The character format of the metadata of a LUN object shouldnt matter for iSCSI or FCP access to the LUN. All iSCSI and FCP hosts see is a block storage device, with a SCSI logical unit ID that is assigned with the lun map command. However, NAS protocols can make a LUN available to a host if the NAS protocols are licensed and enabled on the storage system.

My guess is that there is some NetApp Snap software that attaches to volumes with LUNs on them at the volume/qtree level, and performs some type of LUN snapshot mangement/read/writes. In that case, the character format of the LUN metadata might come into play. And on any NFS or CIFS access to the LUN object (file), the metadata will be converted (if convert_ucode is "on").

Re: ONTAP Language / Unicode (UTF-8/UTF-16) Questions

My guess is that there is some NetApp Snap software that attaches to  volumes with LUNs on them at the volume/qtree level, and performs some  type of LUN snapshot mangement/read/writes.

My best guess is that the reason was SnapDrive (for Windows) which used SMB to manage LUNs and so required LUN name in UNICODE. It is not clear whether HTTP(S) access method still has the same requirement or not.

UNICODE conversion was in general required to provide CIFS access; well known puzzle is file in snapshot which cannot be accessed from CIFS even though the same file in AFS can and permissions were not changed.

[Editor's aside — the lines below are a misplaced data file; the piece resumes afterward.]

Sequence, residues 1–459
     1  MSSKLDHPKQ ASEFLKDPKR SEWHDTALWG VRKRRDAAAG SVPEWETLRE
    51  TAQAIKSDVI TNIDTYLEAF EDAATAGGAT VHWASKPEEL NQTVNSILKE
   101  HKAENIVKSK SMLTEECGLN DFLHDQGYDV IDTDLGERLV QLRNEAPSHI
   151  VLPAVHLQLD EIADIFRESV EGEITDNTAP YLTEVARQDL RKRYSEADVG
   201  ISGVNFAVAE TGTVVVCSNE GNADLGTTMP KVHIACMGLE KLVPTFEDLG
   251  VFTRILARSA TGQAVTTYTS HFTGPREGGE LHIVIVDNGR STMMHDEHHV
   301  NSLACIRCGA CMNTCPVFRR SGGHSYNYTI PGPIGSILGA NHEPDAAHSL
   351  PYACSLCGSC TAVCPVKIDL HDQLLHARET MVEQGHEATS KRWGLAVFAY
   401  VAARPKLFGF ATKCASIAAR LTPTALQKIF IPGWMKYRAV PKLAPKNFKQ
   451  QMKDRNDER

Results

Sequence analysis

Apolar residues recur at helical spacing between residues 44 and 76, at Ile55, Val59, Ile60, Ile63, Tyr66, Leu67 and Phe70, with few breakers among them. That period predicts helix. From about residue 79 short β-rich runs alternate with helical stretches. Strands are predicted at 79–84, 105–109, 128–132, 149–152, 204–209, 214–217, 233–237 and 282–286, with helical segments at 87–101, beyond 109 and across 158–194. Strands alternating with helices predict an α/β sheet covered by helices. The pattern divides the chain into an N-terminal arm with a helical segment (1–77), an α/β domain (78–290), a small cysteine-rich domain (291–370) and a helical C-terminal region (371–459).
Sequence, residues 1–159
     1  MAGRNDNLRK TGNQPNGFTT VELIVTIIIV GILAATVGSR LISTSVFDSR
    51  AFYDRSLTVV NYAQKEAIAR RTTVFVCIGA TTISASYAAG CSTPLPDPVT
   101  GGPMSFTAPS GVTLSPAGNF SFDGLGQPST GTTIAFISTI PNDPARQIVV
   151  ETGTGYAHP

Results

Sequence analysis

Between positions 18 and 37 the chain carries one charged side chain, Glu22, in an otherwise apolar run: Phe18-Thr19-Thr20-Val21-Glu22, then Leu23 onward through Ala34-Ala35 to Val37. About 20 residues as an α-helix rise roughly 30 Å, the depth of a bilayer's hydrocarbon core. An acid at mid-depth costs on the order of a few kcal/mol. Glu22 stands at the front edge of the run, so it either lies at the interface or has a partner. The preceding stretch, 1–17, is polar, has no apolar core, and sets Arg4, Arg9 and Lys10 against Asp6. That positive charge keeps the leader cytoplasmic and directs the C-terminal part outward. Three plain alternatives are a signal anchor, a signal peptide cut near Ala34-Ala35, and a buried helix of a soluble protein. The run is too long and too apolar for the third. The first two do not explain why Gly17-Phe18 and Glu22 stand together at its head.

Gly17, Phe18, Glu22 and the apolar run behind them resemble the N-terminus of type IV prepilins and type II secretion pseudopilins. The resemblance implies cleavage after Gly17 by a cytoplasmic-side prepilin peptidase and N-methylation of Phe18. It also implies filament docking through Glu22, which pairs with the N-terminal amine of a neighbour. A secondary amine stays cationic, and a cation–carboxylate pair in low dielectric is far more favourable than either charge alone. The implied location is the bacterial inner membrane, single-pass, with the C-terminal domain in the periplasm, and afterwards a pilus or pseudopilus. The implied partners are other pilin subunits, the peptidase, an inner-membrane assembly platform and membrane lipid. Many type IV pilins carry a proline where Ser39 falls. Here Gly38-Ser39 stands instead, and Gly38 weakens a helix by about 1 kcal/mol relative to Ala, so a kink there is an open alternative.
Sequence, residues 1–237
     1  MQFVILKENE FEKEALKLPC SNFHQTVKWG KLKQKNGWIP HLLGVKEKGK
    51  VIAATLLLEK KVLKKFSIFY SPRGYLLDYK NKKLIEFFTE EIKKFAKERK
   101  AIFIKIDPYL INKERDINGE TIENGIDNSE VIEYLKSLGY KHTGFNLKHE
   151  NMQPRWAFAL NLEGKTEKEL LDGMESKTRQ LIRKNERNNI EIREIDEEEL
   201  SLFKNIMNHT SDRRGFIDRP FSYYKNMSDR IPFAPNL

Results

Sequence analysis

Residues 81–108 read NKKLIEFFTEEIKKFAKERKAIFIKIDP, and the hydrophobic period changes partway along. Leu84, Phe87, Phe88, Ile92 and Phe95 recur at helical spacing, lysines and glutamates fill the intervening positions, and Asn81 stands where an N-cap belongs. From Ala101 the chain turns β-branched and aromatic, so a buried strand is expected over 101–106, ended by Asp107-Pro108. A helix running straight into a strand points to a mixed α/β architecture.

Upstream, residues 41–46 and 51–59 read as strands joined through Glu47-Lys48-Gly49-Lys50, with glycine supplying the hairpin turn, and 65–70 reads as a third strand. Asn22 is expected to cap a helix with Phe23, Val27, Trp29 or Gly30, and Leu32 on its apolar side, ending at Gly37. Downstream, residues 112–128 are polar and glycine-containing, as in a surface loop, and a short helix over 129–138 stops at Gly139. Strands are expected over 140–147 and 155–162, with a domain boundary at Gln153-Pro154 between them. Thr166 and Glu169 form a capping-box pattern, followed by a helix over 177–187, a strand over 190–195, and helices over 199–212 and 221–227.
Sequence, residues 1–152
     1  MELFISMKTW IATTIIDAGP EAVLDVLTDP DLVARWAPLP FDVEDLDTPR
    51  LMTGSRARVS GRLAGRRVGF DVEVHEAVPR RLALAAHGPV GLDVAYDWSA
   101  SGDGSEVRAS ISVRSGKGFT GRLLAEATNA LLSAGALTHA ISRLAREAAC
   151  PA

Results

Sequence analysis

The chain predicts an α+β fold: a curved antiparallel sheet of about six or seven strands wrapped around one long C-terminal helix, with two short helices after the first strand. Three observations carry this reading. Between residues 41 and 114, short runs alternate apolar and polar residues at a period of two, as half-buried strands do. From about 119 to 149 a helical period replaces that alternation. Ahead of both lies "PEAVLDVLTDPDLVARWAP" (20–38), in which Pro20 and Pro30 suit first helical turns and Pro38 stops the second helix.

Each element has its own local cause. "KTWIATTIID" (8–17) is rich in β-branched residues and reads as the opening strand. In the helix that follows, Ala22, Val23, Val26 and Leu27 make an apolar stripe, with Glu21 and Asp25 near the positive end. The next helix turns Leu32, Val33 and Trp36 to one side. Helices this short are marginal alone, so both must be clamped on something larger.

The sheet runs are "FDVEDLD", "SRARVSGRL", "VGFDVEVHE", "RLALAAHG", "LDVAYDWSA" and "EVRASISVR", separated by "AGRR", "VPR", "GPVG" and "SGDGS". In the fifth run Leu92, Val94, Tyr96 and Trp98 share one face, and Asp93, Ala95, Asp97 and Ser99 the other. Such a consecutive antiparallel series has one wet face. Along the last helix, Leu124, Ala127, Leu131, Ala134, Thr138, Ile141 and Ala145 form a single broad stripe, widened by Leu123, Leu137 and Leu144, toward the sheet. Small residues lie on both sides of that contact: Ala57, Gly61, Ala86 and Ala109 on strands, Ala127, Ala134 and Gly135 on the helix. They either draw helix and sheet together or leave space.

Re: ONTAP Language / Unicode (UTF-8/UTF-16) Questions

I hope I can answer some of your questions. Note that these answers are not official but are based on my understanding of these options, and info I gathered from NetApp workshops and by talking to NetApp people. I might be wrong on some of them.

If CIFS (using SMB 2.0) is UTF-16, then is ONTAP writing directory and file names using UTF-16?

no, OnTap always uses UTF-8 as it occupies far less space (>90% of characters use only 1 byte). UTF-8 and UTF-16 are 100% compatible and can be converted into each other with no loss of information, only UTF-8 encoded text is smaller for most western languages that's why it is used. Also, SMB 2.0 uses UCS2 and not UTF-16.

If NFS v4 is UTF-8, does ONTAP use UTF-8 for writing directory and file names from NFS v4?

yes, if you set create_ucode and convert_ucode to on. Otherwise it will be converted